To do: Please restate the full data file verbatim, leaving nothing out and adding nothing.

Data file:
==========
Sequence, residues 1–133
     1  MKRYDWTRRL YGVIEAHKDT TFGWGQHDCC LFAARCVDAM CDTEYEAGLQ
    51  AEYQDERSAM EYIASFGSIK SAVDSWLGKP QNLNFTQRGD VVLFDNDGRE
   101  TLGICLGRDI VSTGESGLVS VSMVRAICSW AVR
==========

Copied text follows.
Sequence, residues 1–133
     1  MKRYDWTRRL YGVIEAHKDT TFGWGQHDCC LFAARCVDAM CDTEYEAGLQ
    51  AEYQDERSAM EYIASFGSIK SAVDSWLGKP QNLNFTQRGD VVLFDNDGRE
   101  TLGICLGRDI VSTGESGLVS VSMVRAICSW AVR